By March 31, 2016, FDA must publish final rules on the sanitary transportation of food by truck and rail. FDA’s deadline was imposed by a Consent Decree in February 2014, which comes twenty-five years after Congress first tried to ensure that garbage trucks are not also used to haul fresh produce. Initial comments on the proposed rule closed in July 2014.

If all goes according to plan, the final rule will see the light only after three successive pieces of legislation—the Sanitary Food Transportation Act of 1990, the 2005 Sanitary Food Transportation Act, and the Food Safety Modernization Act of 2010 (“FSMA”)—have mandated its promulgation. As proposed, however, the final regulation will give “businesses other than small businesses” just one year to comply. Improperly transported food will be deemed “adulterated” and banned from interstate commerce under the Federal Food, Drug and Cosmetic Act, and noncompliance could constitute a crime.

FDA’s proposed Rule on Sanitary Transportation of Human and Animal Food (“Rule”) is one of seven rules that are intended to realize FSMA’s goal of ensuring the safety and security of the nation’s food and feed supply. The Rule establishes criteria—including standards governing cleanliness, temperature control and allergen segregation—for the safe transportation of food by motor or rail vehicle. A shipper or carrier with less than $500,000 in total annual sales, food that is transshipped through the U.S. for consumption in another country, and the transportation of shelf-stable food that is completely enclosed by a container are the most significant exceptions to the Rule.

To whom does the Rule apply?

  • The shipper, defined as “the person who initiates a shipment of food by motor vehicle or rail vehicle.” Because the shipper is presumed to be the party most “knowledgeable about all factors concerning the food, e.g., its packaging and holding temperature requirements, relevant to its sanitary transport,” it bears significant responsibilities under the Rule.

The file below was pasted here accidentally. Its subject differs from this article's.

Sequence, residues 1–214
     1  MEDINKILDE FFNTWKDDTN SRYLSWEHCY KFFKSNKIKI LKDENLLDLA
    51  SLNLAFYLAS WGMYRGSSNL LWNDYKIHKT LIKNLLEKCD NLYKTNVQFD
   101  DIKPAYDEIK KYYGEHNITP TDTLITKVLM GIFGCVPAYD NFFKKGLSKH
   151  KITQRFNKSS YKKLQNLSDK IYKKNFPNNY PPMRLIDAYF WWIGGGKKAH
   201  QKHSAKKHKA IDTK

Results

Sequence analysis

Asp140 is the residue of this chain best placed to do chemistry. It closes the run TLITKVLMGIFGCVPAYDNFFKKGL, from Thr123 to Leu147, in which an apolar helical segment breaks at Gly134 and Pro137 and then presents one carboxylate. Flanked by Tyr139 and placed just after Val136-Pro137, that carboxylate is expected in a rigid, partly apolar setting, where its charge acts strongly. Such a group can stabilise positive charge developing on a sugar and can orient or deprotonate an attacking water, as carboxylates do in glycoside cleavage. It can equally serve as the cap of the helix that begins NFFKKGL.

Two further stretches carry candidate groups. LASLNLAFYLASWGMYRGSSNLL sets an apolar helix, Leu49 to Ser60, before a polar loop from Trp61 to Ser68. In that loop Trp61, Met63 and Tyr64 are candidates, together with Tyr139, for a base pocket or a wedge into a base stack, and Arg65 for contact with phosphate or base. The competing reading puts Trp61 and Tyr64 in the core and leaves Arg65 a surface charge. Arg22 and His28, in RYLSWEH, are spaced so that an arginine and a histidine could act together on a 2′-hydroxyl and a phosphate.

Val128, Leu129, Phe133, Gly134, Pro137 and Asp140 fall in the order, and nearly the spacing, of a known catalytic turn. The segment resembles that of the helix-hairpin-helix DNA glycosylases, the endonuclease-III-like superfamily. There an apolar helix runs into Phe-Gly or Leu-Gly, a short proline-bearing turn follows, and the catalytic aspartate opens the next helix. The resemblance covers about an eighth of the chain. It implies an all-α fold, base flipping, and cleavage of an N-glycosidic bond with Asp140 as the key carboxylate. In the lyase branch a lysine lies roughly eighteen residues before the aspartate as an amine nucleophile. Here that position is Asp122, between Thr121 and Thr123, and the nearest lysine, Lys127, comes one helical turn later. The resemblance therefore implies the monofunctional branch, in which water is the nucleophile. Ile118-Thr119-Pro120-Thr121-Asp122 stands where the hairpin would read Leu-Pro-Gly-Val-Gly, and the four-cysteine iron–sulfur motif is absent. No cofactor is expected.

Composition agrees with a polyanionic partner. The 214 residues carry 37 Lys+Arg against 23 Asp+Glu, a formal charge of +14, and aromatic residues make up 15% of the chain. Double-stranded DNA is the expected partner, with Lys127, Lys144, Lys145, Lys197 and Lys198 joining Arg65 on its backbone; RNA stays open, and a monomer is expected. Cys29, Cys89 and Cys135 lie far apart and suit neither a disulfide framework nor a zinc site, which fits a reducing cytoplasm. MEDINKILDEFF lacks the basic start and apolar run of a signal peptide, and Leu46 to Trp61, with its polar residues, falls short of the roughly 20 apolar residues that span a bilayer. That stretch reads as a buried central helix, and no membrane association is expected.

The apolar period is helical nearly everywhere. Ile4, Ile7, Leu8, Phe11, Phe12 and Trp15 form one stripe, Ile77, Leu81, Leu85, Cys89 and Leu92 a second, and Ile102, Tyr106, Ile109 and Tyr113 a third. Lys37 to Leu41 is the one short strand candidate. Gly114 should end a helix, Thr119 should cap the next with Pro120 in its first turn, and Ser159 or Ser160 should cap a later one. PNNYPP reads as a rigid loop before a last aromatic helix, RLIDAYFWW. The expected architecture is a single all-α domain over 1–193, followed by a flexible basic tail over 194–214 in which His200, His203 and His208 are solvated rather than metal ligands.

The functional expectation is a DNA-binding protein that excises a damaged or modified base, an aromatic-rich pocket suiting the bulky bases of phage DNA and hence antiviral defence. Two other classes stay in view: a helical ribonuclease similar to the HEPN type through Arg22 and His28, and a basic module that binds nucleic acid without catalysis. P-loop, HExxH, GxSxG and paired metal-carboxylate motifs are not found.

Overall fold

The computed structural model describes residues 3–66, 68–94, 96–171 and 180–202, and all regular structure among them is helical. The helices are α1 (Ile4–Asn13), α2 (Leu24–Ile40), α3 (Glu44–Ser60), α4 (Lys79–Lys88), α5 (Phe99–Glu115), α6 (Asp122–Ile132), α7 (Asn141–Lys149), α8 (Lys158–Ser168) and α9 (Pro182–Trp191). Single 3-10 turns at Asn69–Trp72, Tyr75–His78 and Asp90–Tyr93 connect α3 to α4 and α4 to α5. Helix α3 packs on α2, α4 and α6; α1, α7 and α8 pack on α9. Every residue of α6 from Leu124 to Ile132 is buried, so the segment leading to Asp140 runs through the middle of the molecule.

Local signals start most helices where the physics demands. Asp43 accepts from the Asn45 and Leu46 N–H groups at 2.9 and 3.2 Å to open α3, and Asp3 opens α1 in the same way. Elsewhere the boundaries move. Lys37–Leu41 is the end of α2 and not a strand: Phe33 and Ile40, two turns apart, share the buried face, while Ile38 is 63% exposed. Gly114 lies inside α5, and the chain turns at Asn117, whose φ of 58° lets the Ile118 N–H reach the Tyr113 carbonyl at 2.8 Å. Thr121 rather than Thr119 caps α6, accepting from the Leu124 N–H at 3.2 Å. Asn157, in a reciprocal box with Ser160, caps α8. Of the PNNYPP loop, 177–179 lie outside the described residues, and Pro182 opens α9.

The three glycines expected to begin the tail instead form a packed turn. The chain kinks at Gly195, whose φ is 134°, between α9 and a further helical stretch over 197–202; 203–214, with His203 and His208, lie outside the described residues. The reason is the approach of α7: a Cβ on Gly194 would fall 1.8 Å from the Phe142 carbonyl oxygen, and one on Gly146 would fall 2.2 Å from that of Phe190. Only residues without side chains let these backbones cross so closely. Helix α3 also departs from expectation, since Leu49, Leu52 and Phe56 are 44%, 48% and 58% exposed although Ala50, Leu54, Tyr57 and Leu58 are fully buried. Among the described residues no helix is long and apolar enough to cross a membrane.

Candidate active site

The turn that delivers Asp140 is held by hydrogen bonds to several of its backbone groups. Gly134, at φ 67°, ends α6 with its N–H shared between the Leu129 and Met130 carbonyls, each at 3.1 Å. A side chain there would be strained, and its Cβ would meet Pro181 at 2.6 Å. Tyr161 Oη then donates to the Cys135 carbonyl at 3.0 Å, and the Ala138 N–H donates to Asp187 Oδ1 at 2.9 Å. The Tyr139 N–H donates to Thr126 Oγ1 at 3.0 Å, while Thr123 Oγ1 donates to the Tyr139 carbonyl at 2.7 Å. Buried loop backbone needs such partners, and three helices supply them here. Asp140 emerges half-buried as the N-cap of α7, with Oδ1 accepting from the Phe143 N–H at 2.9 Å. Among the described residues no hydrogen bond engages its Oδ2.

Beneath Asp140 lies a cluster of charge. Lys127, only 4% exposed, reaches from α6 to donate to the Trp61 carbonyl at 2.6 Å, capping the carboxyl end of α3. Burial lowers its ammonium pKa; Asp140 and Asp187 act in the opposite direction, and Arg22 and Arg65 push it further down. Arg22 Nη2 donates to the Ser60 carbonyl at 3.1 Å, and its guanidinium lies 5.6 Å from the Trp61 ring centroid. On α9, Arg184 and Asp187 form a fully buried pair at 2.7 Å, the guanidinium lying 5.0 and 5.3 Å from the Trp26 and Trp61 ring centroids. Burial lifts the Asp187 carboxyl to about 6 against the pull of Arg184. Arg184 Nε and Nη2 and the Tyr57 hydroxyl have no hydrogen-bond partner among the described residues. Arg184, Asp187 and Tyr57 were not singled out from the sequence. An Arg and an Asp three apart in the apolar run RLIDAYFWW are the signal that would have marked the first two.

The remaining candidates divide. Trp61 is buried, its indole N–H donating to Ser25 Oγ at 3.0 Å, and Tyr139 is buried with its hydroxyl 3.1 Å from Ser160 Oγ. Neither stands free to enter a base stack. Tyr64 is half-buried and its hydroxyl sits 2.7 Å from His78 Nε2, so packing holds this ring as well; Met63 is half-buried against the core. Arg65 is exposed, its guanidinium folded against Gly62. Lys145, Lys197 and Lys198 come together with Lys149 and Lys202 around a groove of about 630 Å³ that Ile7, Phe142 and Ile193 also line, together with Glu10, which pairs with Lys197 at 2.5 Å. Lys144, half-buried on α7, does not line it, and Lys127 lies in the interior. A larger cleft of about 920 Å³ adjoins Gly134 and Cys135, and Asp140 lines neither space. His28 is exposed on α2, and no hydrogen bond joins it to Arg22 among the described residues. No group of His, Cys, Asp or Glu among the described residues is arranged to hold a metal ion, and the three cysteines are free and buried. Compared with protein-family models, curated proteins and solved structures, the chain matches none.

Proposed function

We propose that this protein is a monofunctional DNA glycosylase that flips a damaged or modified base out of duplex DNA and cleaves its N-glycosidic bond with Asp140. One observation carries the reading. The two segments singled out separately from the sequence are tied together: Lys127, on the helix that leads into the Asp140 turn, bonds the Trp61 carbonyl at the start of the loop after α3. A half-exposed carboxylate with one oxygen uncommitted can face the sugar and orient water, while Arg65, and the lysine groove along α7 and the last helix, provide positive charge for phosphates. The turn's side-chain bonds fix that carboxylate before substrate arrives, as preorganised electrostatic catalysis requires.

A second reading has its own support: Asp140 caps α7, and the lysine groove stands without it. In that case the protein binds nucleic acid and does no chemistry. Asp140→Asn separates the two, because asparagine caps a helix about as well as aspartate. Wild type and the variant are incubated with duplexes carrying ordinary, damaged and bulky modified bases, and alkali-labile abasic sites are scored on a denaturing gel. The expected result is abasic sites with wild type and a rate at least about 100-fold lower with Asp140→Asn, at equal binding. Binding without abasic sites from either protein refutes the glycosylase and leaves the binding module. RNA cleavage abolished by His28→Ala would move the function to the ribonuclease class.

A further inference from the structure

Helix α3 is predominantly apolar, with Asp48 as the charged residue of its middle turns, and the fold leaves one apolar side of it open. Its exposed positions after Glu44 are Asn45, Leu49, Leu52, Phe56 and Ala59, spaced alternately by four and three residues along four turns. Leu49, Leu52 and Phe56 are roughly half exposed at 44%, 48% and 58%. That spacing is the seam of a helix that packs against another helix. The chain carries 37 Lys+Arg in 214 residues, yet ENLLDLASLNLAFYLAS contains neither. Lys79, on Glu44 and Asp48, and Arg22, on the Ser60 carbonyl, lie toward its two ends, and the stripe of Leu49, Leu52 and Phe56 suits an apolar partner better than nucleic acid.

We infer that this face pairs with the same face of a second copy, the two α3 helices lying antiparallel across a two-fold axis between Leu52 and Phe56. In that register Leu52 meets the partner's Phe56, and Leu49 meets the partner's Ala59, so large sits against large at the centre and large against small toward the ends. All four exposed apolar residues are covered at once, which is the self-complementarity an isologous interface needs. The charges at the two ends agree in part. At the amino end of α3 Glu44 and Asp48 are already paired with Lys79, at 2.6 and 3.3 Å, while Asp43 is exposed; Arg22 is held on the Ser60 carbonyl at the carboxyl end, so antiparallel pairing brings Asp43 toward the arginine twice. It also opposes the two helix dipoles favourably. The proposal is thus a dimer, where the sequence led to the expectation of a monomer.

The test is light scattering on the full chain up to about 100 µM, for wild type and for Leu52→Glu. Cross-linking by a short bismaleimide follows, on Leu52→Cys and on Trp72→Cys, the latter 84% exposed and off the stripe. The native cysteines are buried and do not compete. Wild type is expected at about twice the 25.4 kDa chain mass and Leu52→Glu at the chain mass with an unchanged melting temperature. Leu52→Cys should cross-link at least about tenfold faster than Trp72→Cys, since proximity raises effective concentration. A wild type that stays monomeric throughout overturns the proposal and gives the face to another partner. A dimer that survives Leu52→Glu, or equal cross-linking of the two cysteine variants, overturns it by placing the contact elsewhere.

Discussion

• The carrier, defined as “the person who owns, leases, or is otherwise ultimately responsible for the use of a motor vehicle or rail vehicle to transport food.” A person is “ultimately responsible,” and thus a carrier, even if the physical act of carrying is performed by other persons, such as a driver that is either employed or contracted by a trucking firm to operate the vehicle.
  • The receiver, defined as “any person who receives food after transportation, whether or not that person represents the final point of receipt for the food.”

The proposed rule applies with equal force to interstate and intrastate transport of food but—again—not to food that is transshipped through the United States.

What does the Rule require?

Clean vehicles and transportation equipment. The Rule requires that vehicles and transportation equipment be designed, maintained and stored in a manner that prevents transported food from becoming “filthy, putrid, decomposed or otherwise unfit for food and to prevent the harboring of pests.” By way of example, the Rule requires that:

  • All food-contact surfaces be cleanable;
  • Surface coatings on vehicles and transportation equipment be corrosion-resistant and free of chips and flakes;
  • All pallets be in good working condition, without (for example) jagged wood edges that could damage packaging and lead to a food’s exposure; and
  • All equipment used in bulk food transfer operations, such as pumps and hoses and tankers, be thoroughly washed after each use.

As proposed, the Rule has detailed regulations pertaining to foods that require time/temperature controls to limit the growth of pathogens and otherwise ensure their safety, which it refers to as “TCS foods.” Under the Rule, carriers must provide training, both upon hire and as needed thereafter, to personnel engaged in the transportation of food. FDA envisions that such training could be provided online, in a half-day course similar to basic hazmat employee training. Carriers will need to document and maintain appropriate records of the training, which would be subject to the Rule’s recordkeeping requirements.

Under the Rule, shippers and carriers engaged in the transportation of human and animal food will be required to maintain most documents required by the Rule for a period of 12 months after they have been issued or cease to apply. Similarly, any written procedures applicable to the cleaning, sanitizing and inspection procedures for vehicles and transportation equipment must be retained for 12 months after they have ceased to be in effect.

Can the Rule’s applicability be waived?

Yes. As expressly permitted by the regulation’s authorizing statute, 21 U.S.C. § 350e, the FDA can exempt any persons, vehicles or products from compliance with the Rule, so long as the waiver (1) will not result in conditions that would be unsafe for human or animal health and (2) will not be contrary to the public interest. FDA can issue a waiver on its own initiative, or any person subject to the regulation can petition for a waiver. Any petition for waiver will be published for comment.